(WXYZ) - Did Bobby Ferguson tell his friends to lie to the FBI about secret campaign donations he made through other people?
That was just one of many questions the jury in the Kilpatrick corruption case will be weighing after Friday's testimony.
Federal prosecutors covered a lot of ground Friday – they got a difficult witness to agree he told a federal grand jury that Bernard Kilpatrick said "Coleman Young got paid, I'm going to get paid too."
But, perhaps the most damaging testimony focused on Bobby Ferguson Friday.
Bobby Ferguson celebrated the Tiger's victory by showing his team spirit on his way into federal court, but he may not be celebrating now.
Three sisters took the stand and told the jury about money orders Ferguson gave them to sign that ended up in Kwame Kilpatrick's campaign coffers. The feds started with Renee Newsome, who says she dated Ferguson for about 7 years.
Ferguson, the former Detroit Mayor, Bernard Kilpatrick and ex-Water Department Director Victor Mercado are all on trial facing racketeering charges, accused of running a criminal enterprise out of city hall.
Newsome testified about four different money orders she signed that totaled $3,400 – the maximum an individual can donate to a political campaign. She told the jury, Ferguson had paid for the money orders, and that when she signed them they were blank. She said someone later wrote them out to "Kilpatrick for Mayor."
Next her sisters, Josephine Johnson and Darlene Jefferson said the same thing about $3400 in Ferguson-funded money orders that they each signed.
When Newsome testified that after the FBI started asking questions, Ferguson told her to say the money was hers, and to "stick to her story."
But Ferguson's attorney Gerald Evelyn pressed Newsome on whether she was told to do that for the federal grand jury or whether that was for a hearing in front of the state gaming board. She then said she thought it was for the gaming board. That could make a difference for an obstruction charge Ferguson is facing.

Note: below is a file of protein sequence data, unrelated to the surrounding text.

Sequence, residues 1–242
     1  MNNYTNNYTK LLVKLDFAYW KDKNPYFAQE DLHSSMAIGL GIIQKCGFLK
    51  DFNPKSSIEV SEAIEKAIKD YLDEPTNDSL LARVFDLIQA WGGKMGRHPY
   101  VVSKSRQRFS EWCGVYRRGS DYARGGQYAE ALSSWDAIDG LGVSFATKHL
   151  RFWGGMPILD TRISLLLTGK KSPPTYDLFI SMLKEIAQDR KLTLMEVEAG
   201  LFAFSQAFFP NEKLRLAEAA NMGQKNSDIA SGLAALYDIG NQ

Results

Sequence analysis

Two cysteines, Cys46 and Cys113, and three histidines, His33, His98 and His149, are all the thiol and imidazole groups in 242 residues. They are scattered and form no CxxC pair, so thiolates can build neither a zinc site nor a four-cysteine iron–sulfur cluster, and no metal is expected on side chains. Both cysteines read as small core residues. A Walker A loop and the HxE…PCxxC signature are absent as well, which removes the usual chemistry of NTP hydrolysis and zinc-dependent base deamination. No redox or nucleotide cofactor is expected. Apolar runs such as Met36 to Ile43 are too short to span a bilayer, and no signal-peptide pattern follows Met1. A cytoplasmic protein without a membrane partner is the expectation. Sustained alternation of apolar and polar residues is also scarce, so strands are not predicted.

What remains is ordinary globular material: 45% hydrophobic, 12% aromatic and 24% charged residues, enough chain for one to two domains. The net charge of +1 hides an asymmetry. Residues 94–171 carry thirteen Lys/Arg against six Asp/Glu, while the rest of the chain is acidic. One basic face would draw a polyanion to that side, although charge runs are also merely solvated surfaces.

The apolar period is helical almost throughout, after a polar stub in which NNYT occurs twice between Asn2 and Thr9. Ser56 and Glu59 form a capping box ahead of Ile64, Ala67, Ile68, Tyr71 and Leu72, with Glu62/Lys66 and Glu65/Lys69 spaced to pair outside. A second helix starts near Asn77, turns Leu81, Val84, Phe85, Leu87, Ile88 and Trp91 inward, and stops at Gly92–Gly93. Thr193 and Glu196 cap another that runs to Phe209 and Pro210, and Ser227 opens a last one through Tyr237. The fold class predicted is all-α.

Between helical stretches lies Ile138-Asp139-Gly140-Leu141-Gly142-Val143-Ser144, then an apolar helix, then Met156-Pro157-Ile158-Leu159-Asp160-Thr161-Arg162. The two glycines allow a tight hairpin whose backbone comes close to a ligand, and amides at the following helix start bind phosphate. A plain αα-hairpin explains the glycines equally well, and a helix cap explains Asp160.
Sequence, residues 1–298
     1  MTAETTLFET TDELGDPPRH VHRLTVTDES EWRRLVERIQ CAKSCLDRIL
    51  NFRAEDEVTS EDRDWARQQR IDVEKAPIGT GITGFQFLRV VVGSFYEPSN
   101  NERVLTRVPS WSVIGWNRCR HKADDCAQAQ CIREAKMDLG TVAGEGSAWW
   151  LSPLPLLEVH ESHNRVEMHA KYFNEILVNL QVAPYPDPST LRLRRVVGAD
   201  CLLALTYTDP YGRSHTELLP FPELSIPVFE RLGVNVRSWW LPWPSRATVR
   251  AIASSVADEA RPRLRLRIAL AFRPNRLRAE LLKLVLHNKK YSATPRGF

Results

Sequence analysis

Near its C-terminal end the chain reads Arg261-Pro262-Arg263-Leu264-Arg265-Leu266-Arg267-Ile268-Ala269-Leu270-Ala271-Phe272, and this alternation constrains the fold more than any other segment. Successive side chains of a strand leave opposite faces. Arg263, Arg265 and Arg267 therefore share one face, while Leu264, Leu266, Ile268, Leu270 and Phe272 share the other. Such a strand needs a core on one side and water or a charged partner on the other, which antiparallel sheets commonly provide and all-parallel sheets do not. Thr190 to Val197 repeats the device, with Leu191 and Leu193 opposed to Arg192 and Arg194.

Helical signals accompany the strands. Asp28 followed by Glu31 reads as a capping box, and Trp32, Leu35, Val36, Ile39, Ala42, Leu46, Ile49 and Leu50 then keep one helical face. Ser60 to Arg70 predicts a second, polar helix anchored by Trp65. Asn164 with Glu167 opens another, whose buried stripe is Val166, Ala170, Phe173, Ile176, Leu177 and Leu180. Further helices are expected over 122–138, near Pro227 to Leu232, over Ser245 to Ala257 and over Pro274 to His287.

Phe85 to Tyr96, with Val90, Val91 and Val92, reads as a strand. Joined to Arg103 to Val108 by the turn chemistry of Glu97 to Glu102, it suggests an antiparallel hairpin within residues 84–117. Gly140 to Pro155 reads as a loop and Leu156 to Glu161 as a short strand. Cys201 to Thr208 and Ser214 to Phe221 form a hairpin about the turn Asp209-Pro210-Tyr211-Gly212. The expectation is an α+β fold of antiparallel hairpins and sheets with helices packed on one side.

Newsome did admit, though, that the first time she spoke the FBI, she wasn't truthful about who purchased the money orders.
Also Friday, Jon Rutherford faced cross examination about the hundreds of thousands of dollars he gave to Kwame Kilpatrick and his various campaign and non-profit funds. Federal prosecutors say Rutherford was bribing the former mayor. But when Kilpatrick attorney Jim Thomas asked Rutherford if Kilpatrick forced him to give the money, Rutherford said no. Rutherford accepted a guilty plea for tax evasion in exchange for his cooperation in the case.
The feds say Rutherford gave about $80,000 to Ernest Johnson's Community Coalition political fund for Kilpatrick's first mayoral race.
Johnson testified that it's common practice for whoever his group endorses to pay the poll workers. In this case, federal prosecutors say Bernard Kilpatrick got Rutherford to foot that bill.
"I got the check for 8,000 then I went and cashed it at the market and paid my workers," said Johnson. He said he didn't know where the other money went.
Meanwhile, Kwame Kilpatrick's impeccable outfits have become part of his federal racketeering trial.
On Thursday, Rutherford told the jury that back in 2002 the former mayor asked him for 10-grand in cash to buy suits on an upcoming trip to Dubai.
Friday, the former Chairman of the Arab American Chamber of Commerce took the witness stand. Ahmad Chebbani told the jury that Kilpatrick and members of his staff were part of a delegation that visited Dubai to meet with business leaders.
Chebbani said that in the middle of a business dinner on their last night in the U.A.E. – Kilpatrick suddenly got up to leave so he could go get measured for new suits he had purchased in Dubai.
Kilpatrick attorney Jim Thomas asked Chebbani if he ever saw Kilpatrick with large amounts of cash on the trip and Chebbani said no.
7 Action News has been receiving a lot of emails from people who are wondering how Kilpatrick has paid for the suits he keeps wearing to the trial. His attorney says those suits are not new.
Testimony resumes on Monday.